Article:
News Extra: UK Government to fast-track shale gas planning applications
28 August 2015
A new round of onshore oil and gas exploration licences will be granted within weeks after energy secretary Amber Rudd decided to award them in two stages to speed up the development of fracking. The fledgling industry has suffered a series of setbacks, including Lancashire county council’s rejection of a fracking application by Cuadrilla Resources in July, which the company said it would appeal against.
The Government will now grant some licences from the 14th onshore round, which was launched last year, and delay others that require additional environmental checks. The process attracted 95 applications for 295 blocks.
DECC Secretary of State Amber Rudd said in a Sunday Times article that if necessary the planning regime would be changed to ensure applications were processed in a more timely manner than in the past.
“We can’t continue with a system in which applications are dragged out for months or even years on end, a system that doesn’t give certainty to industry and that could spell the end of a potentially vital national industry. We need a system that delivers timely planning decisions and that works effectively for local people and developers,” Rudd said.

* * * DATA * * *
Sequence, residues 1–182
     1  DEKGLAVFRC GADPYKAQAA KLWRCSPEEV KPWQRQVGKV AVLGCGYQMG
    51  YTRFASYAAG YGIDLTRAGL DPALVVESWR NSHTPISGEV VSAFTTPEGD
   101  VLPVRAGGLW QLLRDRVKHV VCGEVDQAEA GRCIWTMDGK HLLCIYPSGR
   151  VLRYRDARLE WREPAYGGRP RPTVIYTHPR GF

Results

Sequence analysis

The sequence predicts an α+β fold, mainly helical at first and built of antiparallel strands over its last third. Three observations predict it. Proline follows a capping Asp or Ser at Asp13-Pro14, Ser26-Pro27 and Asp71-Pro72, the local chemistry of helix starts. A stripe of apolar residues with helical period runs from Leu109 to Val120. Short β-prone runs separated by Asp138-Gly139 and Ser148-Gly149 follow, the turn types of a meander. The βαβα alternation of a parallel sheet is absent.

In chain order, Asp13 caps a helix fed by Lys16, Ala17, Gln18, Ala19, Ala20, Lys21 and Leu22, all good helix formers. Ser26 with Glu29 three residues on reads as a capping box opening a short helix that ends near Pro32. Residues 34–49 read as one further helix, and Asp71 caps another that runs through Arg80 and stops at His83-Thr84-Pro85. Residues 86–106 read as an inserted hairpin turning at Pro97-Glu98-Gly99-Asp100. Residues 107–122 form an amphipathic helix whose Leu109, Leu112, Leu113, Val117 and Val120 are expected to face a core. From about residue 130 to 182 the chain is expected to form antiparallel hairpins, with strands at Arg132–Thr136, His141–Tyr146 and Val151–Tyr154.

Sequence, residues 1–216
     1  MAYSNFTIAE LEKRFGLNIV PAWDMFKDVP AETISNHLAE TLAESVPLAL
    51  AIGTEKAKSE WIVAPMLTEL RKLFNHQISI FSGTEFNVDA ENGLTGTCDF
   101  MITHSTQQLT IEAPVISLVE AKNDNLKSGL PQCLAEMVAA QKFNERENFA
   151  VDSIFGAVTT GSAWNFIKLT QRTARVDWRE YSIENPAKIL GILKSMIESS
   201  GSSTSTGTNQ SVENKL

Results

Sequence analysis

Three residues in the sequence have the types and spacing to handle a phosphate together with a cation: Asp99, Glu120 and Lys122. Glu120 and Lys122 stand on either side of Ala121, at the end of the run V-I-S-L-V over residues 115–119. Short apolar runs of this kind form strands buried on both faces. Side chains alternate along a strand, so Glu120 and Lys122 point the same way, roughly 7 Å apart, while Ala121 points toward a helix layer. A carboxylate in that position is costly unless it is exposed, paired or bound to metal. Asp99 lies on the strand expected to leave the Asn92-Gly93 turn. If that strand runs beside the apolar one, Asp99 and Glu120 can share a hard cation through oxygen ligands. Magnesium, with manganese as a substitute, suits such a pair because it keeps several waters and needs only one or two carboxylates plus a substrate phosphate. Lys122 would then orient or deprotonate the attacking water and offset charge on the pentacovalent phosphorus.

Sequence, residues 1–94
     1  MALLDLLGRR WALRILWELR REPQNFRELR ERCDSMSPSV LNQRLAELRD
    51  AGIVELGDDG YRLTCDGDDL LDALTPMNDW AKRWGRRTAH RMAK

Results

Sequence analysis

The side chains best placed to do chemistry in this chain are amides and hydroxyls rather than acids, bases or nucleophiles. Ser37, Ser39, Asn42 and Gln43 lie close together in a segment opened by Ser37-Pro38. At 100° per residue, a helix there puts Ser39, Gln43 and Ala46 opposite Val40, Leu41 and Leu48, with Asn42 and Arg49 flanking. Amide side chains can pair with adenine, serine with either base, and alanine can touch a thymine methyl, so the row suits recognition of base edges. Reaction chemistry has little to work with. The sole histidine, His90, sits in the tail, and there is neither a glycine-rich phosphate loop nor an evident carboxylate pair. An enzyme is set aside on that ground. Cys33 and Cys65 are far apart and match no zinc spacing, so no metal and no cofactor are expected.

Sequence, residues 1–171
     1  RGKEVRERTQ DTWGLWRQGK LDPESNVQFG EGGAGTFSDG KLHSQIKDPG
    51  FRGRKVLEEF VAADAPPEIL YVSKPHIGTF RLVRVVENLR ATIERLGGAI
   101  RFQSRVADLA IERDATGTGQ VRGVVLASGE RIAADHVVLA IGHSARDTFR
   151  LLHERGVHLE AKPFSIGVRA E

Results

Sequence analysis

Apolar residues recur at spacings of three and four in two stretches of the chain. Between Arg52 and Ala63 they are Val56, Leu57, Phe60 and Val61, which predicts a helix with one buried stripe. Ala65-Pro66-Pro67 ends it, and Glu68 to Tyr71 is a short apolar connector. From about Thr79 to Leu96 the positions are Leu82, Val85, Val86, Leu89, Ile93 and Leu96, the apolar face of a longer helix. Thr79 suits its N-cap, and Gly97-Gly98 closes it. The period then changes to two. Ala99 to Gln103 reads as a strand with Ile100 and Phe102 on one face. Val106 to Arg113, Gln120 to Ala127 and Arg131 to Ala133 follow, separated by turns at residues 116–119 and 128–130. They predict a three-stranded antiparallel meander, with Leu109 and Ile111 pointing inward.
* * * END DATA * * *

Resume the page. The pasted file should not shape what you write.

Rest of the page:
She said the Government was given a mandate in the last general election to support the development of shale gas and this was now a priority.
“Britain has one of the best records in the world on this and we have used that experience to develop a regulatory system that does everything possible to allay people’s concerns and protect the environment. We have more than 50 years of drilling experience, which means standards are high, and we’ve also learnt valuable lessons from shale projects abroad.”
Britain is expected to import about 75% of its oil and gas by 2030 and hydrocarbons from UK shale beds could go some way to reduce that figure. Rudd said that shale could create more than 60,000 new jobs in the UK and generate billions of pounds for the economy.
She said the National College for Onshore Oil and Gas, headquartered in Blackpool and linked to colleges in Chester, Redcar and Cleveland, Glasgow and Portsmouth, would have an important role to play in training up engineers and technicians for the new industry.
Government plans to ensure communities and local authorities benefit from shale gas development include payments by operators of £100,000 for each exploration well site plus 1% of production revenue, worth £5m-£10m, to be used as the community sees fit. Councils will keep 100% of the business rate revenues from them, and a shale sovereign wealth fund for the north of England will be created.